Court named after Steamboat tennis icon Carol Baily | SteamboatToday.com

Court named after Steamboat tennis icon Carol Baily

Carol Baily has been making a name for herself since winning her first tennis tournament at age 12 back in 1963.

Now, more than 50 years after chalking up her first victory, Baily's name has made its way onto a tennis court only a few steps from the entrance of the Tennis Center at Steamboat Springs, where she has worked as an instructor for years.

Loretta Conway, director of business development at the Tennis Center, said Baily's accomplishments, both on the court and to the local tennis community, made her the perfect candidate to have her name placed on the hard court previously known as the U.S. Open Court. Last year, the Tennis Center honored the Swiggart family by naming a court in honor of Jim and Stacy Swiggart, who ran the tennis center since the doors opened in 1991.

At that time, leaders in the tennis community talked about honoring Baily but decided to hold off a year so that both the Swiggarts and Baily could receive the recognition they deserved. Conway doesn't expect the naming of the courts to become a regular thing at the Tennis Center, adding that honor will be reserved for those who have reached a special level.

"It makes me feel very honored to be recognized," Baily said. "I kind of knew it was coming. I knew they were going to do this for a while, but I kept telling them,  'No, you're not.'"

But, at a Sunday evening’s dinner that capped the Steamboat Tennis Association's Annual Summer Tennis and Pickleball Championships, Baily officially had the court named in her honor, not only for what she accomplished on the court, but also for the example she set off of it.

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"She is a great role model, for sure," Conway said of Baily. "She never walks around like she owns the place. She has  accomplished so much on the court and done so much for the sport here, but she is always humble about her success."

Baily's first title came in 1963, at the Boulder Women's Open in the doubles division, where she played with mentor Phyllis Lockwood, but it wasn't her last.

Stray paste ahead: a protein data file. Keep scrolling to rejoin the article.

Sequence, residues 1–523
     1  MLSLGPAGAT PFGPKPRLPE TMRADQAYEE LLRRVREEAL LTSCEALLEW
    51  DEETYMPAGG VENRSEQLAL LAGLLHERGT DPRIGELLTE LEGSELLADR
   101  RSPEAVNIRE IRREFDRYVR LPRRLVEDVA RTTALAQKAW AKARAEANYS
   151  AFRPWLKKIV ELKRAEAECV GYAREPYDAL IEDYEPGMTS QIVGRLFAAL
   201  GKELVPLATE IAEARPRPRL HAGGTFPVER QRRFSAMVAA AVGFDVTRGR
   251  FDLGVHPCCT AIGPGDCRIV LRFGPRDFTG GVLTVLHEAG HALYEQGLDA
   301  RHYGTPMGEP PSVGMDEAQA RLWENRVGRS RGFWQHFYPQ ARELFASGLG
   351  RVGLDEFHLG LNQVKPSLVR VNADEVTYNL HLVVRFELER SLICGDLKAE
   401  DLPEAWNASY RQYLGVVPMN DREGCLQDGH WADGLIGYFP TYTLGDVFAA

She left Colorado to attend Arizona State University, where she was a member of the No. 1 ranked NCAA women's team. The squad won two national titles during her time there.

She wrapped up her collegiate career at the University of Colorado, where she played No. 1 singles and doubles while completing her degree in anthropology

After college, she played on the Women’s Tennis Association's Professional Circuit, was ranked 51st by the International Tennis Federation in 1980 and competed in three U.S. Opens and the Australian Open and qualified for Wimbledon from 1975 through 1996.

When she moved to Steamboat Springs in 1974, she worked as a waitress at the Robber's Roost during the day and at Chemin de Fer scooping ice cream by night.

But, eventually, she found her way into the tennis community, serving as tennis professional at the Steamboat Athletic Club from 1975 through 1991.

She worked with Tuck Clagett, Pat Carney and the Steamboat Tennis Association to make the Tennis Center at Steamboat Springs a reality. When it opened in 1991, she took her place as one of the tennis professionals.

She holds a place as one of Colorado's top players and combined for 14 singles and 27 doubles titles in the Colorado State Open, the Denver City Open and the Intermountain Sectional Championships. Her 41 combined major state titles secure her ranking of second in the state. She was the No. 1-ranked player in her age division in the state through most of the 1990s and was ranked No. 1 in the  world, both in singles and doubles, in her age division in 1991 and 1995.

She might still be out there dominating her age division if not for two knee replacement surgeries and bad shoulders that have slowed her game in recent years. But, even that can't stop her from stepping onto the court for an occasional tennis or pickleball lesson. Her lifelong quest for education has led her to teach a balance and physical conditioning class to seniors

"I was a little surprised," Baily said of the honor. "I've been in town a long time. I've played a lot of tennis, and I've taught a lot of tennis, but I never expected to be recognized for enjoying what I love to do."

Baily said she is thrilled the Tennis Center has named a court in her honor, but she insists she is not finished leaving her mark on the game in our mountain town.

She recently began her "Playing it Forward" campaign to help raise money for the Steamboat Tennis and Pickleball Center Maintenance Endowment Fund, held at the Yampa Valley Community Foundation. Baily will match donations dollar-for-dollar up to  $5,000, if donations are made before Aug. 30.

Donations can be made at yvcf.org/tennisandpickleballcenter.

To reach John F. Russell, call 970-871-4209, email jrussell@SteamboatToday.com or follow him on Twitter @Framp1966.

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